Online pornography could be blocked unless customers actively

Internet pornography ‘opt-in’ plans on the way

Internet pornography ‘opt-in’ plans on the way

By staff

Internet users who want to look at pornography will have to actively 'opt-in' with their service provider, according to the government.

The plans were said to involve the UK's four major service providers – BT, Sky, Talk Talk and Virgin.

But reports suggested the government announcement had drasticallly overstepped the agreement with providers, who anonymously complained that the talks had only agreed a drive for more education for parents.

Sources within the companies said new customers would be offered options with or without an adult filter, but that neither would be a default.

"Web blocking should not lull parents into a false sense of security. The problem will only really be solved when parents take an active interest in what their children are doing online," commented Don Foster, co-chair of the Liberal Democrat committee on culture, media and sport.

"Now that ISPs [internet service providers] are acting voluntarily, the government must step away from introducing web censorship laws."

The move is expected to form part of the prime minister's plans to tackle the sexualisation of children, with a new website being set up to provide a one-stop shop for parental complaints about all media, be it adverts, TV or video games.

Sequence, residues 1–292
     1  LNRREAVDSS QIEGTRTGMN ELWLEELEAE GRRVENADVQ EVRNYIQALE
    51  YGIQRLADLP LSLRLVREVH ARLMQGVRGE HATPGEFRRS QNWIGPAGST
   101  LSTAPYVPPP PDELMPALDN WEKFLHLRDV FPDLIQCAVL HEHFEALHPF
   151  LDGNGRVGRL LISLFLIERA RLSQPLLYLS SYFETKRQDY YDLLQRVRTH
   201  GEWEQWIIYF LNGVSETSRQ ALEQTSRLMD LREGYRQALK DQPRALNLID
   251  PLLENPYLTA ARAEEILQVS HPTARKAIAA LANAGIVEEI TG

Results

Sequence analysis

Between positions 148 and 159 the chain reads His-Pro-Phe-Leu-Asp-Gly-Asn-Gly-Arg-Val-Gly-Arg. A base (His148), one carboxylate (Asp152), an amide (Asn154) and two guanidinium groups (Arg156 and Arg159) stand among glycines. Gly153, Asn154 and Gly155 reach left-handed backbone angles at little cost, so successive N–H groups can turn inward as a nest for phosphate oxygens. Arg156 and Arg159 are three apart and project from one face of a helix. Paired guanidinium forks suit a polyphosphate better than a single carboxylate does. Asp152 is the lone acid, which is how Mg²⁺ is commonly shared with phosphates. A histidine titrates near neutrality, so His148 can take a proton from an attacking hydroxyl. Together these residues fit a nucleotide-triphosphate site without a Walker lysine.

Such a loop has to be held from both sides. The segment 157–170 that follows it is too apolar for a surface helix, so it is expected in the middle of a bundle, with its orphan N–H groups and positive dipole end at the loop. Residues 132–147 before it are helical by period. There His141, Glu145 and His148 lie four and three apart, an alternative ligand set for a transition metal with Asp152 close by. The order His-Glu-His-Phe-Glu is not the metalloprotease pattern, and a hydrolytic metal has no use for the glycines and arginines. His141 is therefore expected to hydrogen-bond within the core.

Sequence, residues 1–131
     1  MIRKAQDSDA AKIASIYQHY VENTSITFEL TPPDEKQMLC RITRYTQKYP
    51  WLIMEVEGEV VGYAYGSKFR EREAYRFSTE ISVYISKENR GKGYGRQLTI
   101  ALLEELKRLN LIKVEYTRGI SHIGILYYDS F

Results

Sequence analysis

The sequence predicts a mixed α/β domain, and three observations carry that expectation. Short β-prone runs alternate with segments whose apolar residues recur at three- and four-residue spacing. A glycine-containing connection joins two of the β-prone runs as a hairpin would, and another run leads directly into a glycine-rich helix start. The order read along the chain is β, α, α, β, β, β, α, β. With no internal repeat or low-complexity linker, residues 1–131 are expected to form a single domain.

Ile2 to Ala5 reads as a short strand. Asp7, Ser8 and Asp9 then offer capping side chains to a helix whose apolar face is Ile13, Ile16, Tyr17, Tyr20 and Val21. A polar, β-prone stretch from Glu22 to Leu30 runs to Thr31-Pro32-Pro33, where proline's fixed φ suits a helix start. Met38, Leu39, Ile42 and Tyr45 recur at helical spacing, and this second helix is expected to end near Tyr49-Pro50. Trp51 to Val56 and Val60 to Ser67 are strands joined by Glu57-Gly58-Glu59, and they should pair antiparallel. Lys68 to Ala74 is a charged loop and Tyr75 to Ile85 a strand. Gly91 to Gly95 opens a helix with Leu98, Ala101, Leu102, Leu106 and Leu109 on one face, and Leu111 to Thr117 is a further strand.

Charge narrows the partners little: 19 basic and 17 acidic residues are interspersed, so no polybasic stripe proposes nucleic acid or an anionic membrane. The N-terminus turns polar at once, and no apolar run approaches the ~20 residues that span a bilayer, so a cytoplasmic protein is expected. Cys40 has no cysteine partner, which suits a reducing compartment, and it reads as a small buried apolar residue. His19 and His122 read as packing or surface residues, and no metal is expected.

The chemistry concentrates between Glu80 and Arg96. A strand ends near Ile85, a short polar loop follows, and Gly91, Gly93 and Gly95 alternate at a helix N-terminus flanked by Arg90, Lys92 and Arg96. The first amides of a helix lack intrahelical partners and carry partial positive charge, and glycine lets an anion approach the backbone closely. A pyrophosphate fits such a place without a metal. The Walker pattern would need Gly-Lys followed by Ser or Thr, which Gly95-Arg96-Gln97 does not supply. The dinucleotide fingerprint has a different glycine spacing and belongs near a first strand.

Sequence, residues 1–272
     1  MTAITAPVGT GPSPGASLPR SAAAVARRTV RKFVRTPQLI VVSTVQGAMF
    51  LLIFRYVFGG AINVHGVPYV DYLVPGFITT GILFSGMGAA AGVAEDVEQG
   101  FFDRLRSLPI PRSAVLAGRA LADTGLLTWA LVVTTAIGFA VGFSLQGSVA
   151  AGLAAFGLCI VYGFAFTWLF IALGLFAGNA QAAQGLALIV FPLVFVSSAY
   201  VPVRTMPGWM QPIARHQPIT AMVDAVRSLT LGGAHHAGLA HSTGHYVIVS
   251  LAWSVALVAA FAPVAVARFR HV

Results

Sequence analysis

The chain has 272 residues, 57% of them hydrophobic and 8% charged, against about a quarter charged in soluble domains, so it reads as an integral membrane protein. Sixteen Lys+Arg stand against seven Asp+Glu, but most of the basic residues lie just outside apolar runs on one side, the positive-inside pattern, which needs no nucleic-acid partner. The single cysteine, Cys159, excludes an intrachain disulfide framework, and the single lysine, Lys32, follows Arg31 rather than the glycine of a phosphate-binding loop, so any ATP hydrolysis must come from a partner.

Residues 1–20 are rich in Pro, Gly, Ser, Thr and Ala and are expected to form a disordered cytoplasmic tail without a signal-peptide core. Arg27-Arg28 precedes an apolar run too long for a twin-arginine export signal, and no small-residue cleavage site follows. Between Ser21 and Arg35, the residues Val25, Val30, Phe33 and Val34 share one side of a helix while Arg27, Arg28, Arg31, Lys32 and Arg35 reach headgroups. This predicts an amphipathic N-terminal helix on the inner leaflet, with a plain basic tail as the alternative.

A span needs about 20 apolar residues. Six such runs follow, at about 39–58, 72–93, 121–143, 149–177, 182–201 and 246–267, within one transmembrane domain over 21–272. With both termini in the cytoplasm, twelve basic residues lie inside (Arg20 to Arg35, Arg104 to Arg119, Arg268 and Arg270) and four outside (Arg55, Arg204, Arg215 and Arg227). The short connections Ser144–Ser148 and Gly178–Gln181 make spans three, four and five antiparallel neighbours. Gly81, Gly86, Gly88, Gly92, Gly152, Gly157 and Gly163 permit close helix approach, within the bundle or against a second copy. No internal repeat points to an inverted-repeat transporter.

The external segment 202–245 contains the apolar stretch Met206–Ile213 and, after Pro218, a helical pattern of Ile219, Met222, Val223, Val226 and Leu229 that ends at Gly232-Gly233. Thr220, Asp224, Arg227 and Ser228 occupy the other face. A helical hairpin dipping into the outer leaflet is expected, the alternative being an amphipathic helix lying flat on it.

There will be stricter guidelines by the Advertising Standards Authority on sexual images in outdoor advertising, particularly near schools.

A voluntary ban will be applied by the outdoor advertising industry on adverts for lap-dancing clubs near schools.

New guidelines will be brought forward preventing children aged 15 and under from being employed to act as brand ambassadors or in peer-to-peer marketing campaigns.

The plans mostly follow from ideas put forward by Mothers' Union chief executive Reg Bailey, which were enthusiastically accepted by David Cameron.

"As you say, we should not try to wrap children up in cotton wool or simply throw our hands up and accept the world as it is," he said in his response to the Bailey report.

"Instead, we should look to put 'the brakes on an unthinking drift towards ever greater commercialisation and sexualisation'."

The report calls for businesses and government to cooperate in stripping shops of 'sexy' or 'suggestive' clothing for children.